Logo
Builders' Plan Gallery  |  Hip Pocket Web Site  |  Contact Forum Admin  |  Contact Global Moderator
March 22, 2019, 12:49:17 AM *
Welcome, Guest. Please login or register.
Did you miss your activation email?

Login with email, password and session length
 
Home Help Search Login Register
Pages: 1 2 [3] 4   Go Down
Print
Author Topic: 2019 Elastic Launched Glider  (Read 4124 times)
0 Members and 1 Guest are viewing this topic.
bjt4888
Silver Member
****

Kudos: 5
Offline Offline

United States United States

Posts: 216



Ignore
« Reply #50 on: November 02, 2018, 11:53:26 AM »

Jdp,

My teams use a 6” loop of 1/16” thick Tan SS for the typical school gym ceiling height (25 ft to 30 ft).

I have used a 6” loop of 1/8”, stretched to my full arm span, successfully in a low Category III site (72 ft ceiling). Of course, the glider for this site is built for this extra force. I fly Bill’s Category II record holder for this higher ceiling; an excellent glider that I would highly recommend.

Brian T
Logged
jdpsloflyer
Bronze Member
***

Kudos: 3
Offline Offline

United States United States

Posts: 65




Ignore
« Reply #51 on: November 02, 2018, 04:30:35 PM »

Thanks Brian,

Any other pointers about coaching the launch?  It's been two years since I did this and cannot remember where I saw them.

Do you have a plan of the glider with the elliptical wing (the "El Gordo") that I saw on one of the threads you posted on?  I did not see it in the Gallery.  I have a copy your other one.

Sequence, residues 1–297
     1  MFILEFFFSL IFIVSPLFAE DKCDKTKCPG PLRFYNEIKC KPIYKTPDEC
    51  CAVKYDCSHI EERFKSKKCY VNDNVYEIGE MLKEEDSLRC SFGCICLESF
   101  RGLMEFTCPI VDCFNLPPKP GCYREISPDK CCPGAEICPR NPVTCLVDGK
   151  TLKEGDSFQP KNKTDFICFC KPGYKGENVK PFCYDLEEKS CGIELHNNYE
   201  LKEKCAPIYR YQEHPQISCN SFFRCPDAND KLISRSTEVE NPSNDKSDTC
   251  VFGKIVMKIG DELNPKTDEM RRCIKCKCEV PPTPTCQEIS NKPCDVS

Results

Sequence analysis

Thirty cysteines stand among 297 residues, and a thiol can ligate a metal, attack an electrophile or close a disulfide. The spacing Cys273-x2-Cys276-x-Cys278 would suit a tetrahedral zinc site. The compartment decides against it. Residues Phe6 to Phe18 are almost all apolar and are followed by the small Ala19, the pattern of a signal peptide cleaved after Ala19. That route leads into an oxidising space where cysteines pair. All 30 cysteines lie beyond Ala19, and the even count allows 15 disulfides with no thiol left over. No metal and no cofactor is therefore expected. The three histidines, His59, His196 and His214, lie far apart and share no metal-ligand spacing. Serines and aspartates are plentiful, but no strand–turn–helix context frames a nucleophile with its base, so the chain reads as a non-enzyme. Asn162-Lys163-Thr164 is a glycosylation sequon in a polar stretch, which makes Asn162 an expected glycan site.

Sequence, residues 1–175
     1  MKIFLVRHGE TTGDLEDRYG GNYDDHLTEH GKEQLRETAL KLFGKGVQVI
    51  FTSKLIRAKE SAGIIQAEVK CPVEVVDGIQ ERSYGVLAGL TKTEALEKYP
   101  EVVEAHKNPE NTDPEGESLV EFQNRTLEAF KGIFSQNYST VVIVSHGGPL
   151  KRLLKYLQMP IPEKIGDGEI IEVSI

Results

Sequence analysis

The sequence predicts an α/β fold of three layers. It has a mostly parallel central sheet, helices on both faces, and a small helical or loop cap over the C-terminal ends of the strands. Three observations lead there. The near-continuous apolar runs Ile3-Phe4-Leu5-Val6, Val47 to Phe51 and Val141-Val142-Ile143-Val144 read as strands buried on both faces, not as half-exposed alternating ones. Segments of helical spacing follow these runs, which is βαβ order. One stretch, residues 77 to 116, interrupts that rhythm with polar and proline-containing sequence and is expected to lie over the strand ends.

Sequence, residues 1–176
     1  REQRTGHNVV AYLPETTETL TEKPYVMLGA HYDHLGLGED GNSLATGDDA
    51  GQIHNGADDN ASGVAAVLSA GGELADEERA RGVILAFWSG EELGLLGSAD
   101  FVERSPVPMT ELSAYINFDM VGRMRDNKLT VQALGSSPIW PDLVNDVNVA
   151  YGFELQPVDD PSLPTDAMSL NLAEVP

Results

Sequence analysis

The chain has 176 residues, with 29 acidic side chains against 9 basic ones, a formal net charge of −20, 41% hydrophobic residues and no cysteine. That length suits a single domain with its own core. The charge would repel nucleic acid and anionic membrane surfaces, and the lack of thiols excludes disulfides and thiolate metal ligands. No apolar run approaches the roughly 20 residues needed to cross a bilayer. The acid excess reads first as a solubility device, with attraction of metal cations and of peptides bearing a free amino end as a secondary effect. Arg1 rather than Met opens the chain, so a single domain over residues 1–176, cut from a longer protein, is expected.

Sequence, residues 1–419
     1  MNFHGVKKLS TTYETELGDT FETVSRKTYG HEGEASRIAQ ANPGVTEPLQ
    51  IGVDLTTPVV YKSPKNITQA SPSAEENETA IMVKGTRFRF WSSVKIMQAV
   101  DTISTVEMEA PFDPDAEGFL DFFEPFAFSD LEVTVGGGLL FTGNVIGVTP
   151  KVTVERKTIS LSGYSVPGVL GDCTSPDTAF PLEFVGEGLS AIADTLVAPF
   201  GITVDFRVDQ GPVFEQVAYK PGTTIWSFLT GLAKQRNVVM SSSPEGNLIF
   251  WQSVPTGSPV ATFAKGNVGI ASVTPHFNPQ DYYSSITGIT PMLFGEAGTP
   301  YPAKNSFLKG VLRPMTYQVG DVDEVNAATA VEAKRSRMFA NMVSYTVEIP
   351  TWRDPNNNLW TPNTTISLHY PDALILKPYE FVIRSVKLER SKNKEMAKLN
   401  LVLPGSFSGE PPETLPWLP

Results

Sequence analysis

Jerry
« Last Edit: November 02, 2018, 04:43:28 PM by jdpsloflyer » Logged
bjt4888
Silver Member
****

Kudos: 5
Offline Offline

United States United States

Posts: 216



Ignore
« Reply #52 on: November 02, 2018, 09:21:29 PM »

Jd,

You’re welcome. My launching notes are in the thread, “Flapper CLG for 2014” in the earlier page of this thread. Mostly in my post #4. Let me know if something in these notes is not clear.

Sorry, I am not remembering the El Gordo design. However, I think that semi elliptical is the way to go as all of the top designs and record setting designs are of this platform.

Brian
Logged
Olbill
Titanium Member
*******

Kudos: 59
Offline Offline

United States United States

Posts: 2,470

Topic starter


Ignore
« Reply #53 on: November 03, 2018, 12:03:52 AM »

Jdp,

I have used a 6” loop of 1/8”, stretched to my full arm span, successfully in a low Category III site (72 ft ceiling). Of course, the glider for this site is built for this extra force. I fly Bill’s Category II record holder for this higher ceiling; an excellent glider that I would highly recommend.

Brian T

Former record holder.
Logged
jdpsloflyer
Bronze Member
***

Kudos: 3
Offline Offline

United States United States

Posts: 65




Ignore
« Reply #54 on: November 03, 2018, 07:12:46 PM »

Jd,

You’re welcome. My launching notes are in the thread, “Flapper CLG for 2014” in the earlier page of this thread. Mostly in my post #4. Let me know if something in these notes is not clear.